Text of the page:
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  1. 1. Sreedevi Gandham, T. Sreenivasulu Reddy / International Journal of Engineering Research and Applications (IJERA) ISSN: 2248-9622 www.ijera.com Vol. 2, Issue 6, November- December 2012, pp.1705-1711 Enhanced Signal Denoising Performance by EMD-based Techniques Sreedevi Gandham*, T. Sreenivasulu Reddy Department of Electronics and Communication Engineering Sri Venkateswara University, Tirupati, Andhra Pradesh-517502. India.Abstract Empirical mode decomposition (EMD) is improve the understanding of the way EMDone of the most efficient methods used for non- operates or to enhance its performance, EMD stillparametric signal denoising. In this study wavelet lacks a sound mathematical theory and is essentiallythresholding principle is used in the described by an algorithm. However, partly due todecomposition modes resulting from applying the fact that it is easily and directly applicable andEMD to a signal. The principles of hard and soft partly because it often results in interesting andwavelet thresholding including translation useful decomposition outcomes, it has found a vastinvariant denoising were appropriately modified number of diverse applications such as biomedical,to develop denoising methods suited for watermarking and audio processing to name a few.thresholding EMD modes. We demonstrated In this study, inspired by standard waveletthat, although a direct application of this thresholding and translation invariant thresholding,principle is not feasible in the EMD case, it can a few EMD-based denoising techniques arebe appropriately adapted by exploiting the developed and tested in different signal scenariosspecial characteristics of the EMD decomposition and white Gaussian noise. It is shown that althoughmodes. In the same manner, inspired by the the main principles between wavelet and EMDtranslation invariant wavelet thresholding, a thresholding are the same, in the case of EMD, thesimilar technique adapted to EMD is developed, thresholding operation has to be properly adapted inleading to enhanced denoising performance. order to be consistent with the special characteristicsKeywords: Denoising, EMD, Wavelet of the signal modes resulting from EMD. Thethresholding possibility of adapting the wavelet thresholding principles in thresholding the decomposition modes I Introduction of EMD directly, is explored. Consequently, three Denoising aims to remove the noise and to novel EMD-based hard and soft thresholdingrecover the original signal regardless of the signal’s strategies are presented.frequency content. Traditional denoising schemesare based on linear methods, where the most II EMD: A Brief description andcommon choice is the Wiener filtering and they notationhave their own limitations(Kopsinis and McLauglin, EMD[3] adaptively decomposes a2008).Recently, a new data-driven technique, multicomponent signal [4] x(t) into a number of the so-called IMFs, h (t ),1  i  Lreferred to as empirical mode decomposition (EMD) (i )has been introduced by Huang et al. (1998) for Lanalyzing data from nonstationary and nonlinear x(t )   h(i ) (t )  d (t ) (1)processes. The EMD has received more attention in i 1terms of applications, interpretation, and where d(t) is a remainder which is a non-zero-meanimprovement. Empirical mode decomposition slowly varying function with only few extrema.(EMD) method is an algorithm for the analysis of Each one of the IMFs, say, the (i) th one , ismulticomponent signals that breaks them down into estimated with the aid of an iterative process, calleda number of amplitude and frequency modulated sifting, applied to the residual multicomponent(AM/FM) zero-mean signals, termed intrinsic mode signal.functions (IMFs). In contrast to conventionaldecomposition methods such as wavelets, which   x(t ), i 1 x (i ) (t )   (2)  x(t )   j 1 h (t ), i  2.perform the analysis by projecting the signal under i 1 ( i )consideration onto a number of predefined basis vectors, EMD expresses the signal as an expansion The sifting process used in this paper is theof basis functions that are signal-dependent and are standard one [3]. According to this, during the (n+1)estimated via an iterative procedure called sifting. th sifting iteration, the temporary IMF estimateAlthough many attempts have been made to 1705 | P a g e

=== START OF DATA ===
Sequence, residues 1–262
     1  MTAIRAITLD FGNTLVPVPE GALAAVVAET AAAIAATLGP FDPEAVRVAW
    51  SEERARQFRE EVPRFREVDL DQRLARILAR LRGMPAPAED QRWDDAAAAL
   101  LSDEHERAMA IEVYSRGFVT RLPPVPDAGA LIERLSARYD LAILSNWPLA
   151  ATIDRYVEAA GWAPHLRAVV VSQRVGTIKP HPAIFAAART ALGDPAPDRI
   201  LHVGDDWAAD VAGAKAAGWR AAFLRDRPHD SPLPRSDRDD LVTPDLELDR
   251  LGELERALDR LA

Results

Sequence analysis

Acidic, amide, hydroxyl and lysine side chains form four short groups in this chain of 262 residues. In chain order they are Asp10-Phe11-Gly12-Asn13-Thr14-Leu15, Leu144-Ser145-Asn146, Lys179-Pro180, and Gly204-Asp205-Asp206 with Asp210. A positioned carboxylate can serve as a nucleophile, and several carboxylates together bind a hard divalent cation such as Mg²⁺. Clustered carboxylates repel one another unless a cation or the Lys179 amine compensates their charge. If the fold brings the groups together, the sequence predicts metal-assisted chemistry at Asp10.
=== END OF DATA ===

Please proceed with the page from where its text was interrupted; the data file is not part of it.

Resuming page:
2. 2. Sreedevi Gandham, T. Sreenivasulu Reddy / International Journal of Engineering Research and Applications (IJERA) ISSN: 2248-9622 www.ijera.com Vol. 2, Issue 6, November- December 2012, pp.1705-1711hni ) (t ) is improving according to the following ( lower frequencies locally in the time-frequency domain than its preceeding ones.steps.21. Find the local maxima and minima of hni ) (t ) . (2. Interpolate, using natural cubic splines, along thepoints of hni ) (t ) estimated in the first step in order (to form an upper and a lower envelope.3. Compute the mean of two envelopes. (i )4. Obtain the refined estimate hn 1 (t ) of the IMF bysubtracting the mean found in the previous step (i )from the current IMF estimate hn (t ) .5. Proceed from step 1) again unless a stoppingcriterion has been fulfilled. Figure 1.Empirical mode decomposition of the noisy The sifting process is effectively an empirical signal shown in (a).but powerful technique for the estimation of the (i )mean m (t ) of the residual multicomponent signal III Signal Denoising Thresholding is a technique used for signalx(i ) (t ) localy, a quantity that we term total local and image denoising. The discrete waveletmean. Although the notion of the total local mean is transform uses two types of filters: (1) averagingsomewhat vague, especially for multicomponent filters, and (2) detail filters. When we decompose asignals, in the EMD context it means that its signal using the wavelet transform, we are left with (i ) a set of wavelet coefficients that correlates to thesubtraction from x (t ) will lead to a signal, which high frequency subbands. These high frequencyis actually the corresponding IMF, i.e., subbands consist of the details in the data set.h(i ) (t )  x(i ) (t )  m(i ) (t ), that is going to have If these details are small enough, theythe following properties. might be omitted without substantially affecting the 1) Zero mean. main features of the data set. Additionally, these 2) All the maxima and all the minima of small details are often those associated with noise; therefore, by setting these coefficients to zero, we h(i ) (t ) will be positive and negative, are essentially killing the noise. This becomes the respectively. Often, but not always, the basic concept behind thresholding-set all frequency IMFs resemble sinusoids that are both subband coefficients that are less than a particular amplitude and (frequency modulated (AM threshold to zero and use these coefficients in an /FM). inverse wavelet transformation to reconstruct the data set. By construction, the number of say N i  3.1. IMF Thresholding based Denoising An alternative denoising procedure inspired (i )extrema of h (t ) positioned in time instances by wavelet thresholding is proposed. EMD thresholding can exceed the performance achievedr(i ) j  [r , r ,....., rNi)i  ] and the corresponding 1 (i ) 2 (i ) ( by wavelet thresholding only by adapting theIMF points h(i ) (rj(i ) ), j  1,....., N (i) , will thresholding function to the special nature of IMFs. EMD can be interpreted as a subband-like filteringalternate between maxima and minima, i.e,. positive procedure resulting in essentially uncorrelatedand negative values. As a result, in any pair of IMFs. Although the equivalent filter-bank structureextrema rj(i )  [h(i ) (rj(i ) ), h(i ) (rj()1 )] , corresponds i is by no means predetermined and fixed as in wavelet decomposition, one can in principle performto a single zero-crossing z (ji ) . Depending on the thresholding in each IMF in order to locally excludeIMF shape, the number of zero-crossings can be low-energy IMF parts that are expected to be N  i  or N  i  -1. Moreover, each IMF 4 significantly corrupted by noise.either A direct application of waveletlets say the one of the order, I, have fewer extrema thresholding in the EMD case translates tothan all over the lower order of IMFs, j=1, i-1,leading to fewer and fewer oscillations as the IMForder increases. In other words, each IMF occupies 1706 | P a g e